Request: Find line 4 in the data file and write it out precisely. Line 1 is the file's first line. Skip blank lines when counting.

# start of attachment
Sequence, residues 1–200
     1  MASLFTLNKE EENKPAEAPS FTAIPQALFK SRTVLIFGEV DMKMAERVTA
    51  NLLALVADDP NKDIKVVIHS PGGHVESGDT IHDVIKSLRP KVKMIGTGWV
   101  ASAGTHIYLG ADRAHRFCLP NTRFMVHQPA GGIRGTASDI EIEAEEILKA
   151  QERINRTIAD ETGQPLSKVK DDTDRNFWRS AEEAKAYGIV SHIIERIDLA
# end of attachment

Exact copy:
   101  ASAGTHIYLG ADRAHRFCLP NTRFMVHQPA GGIRGTASDI EIEAEEILKA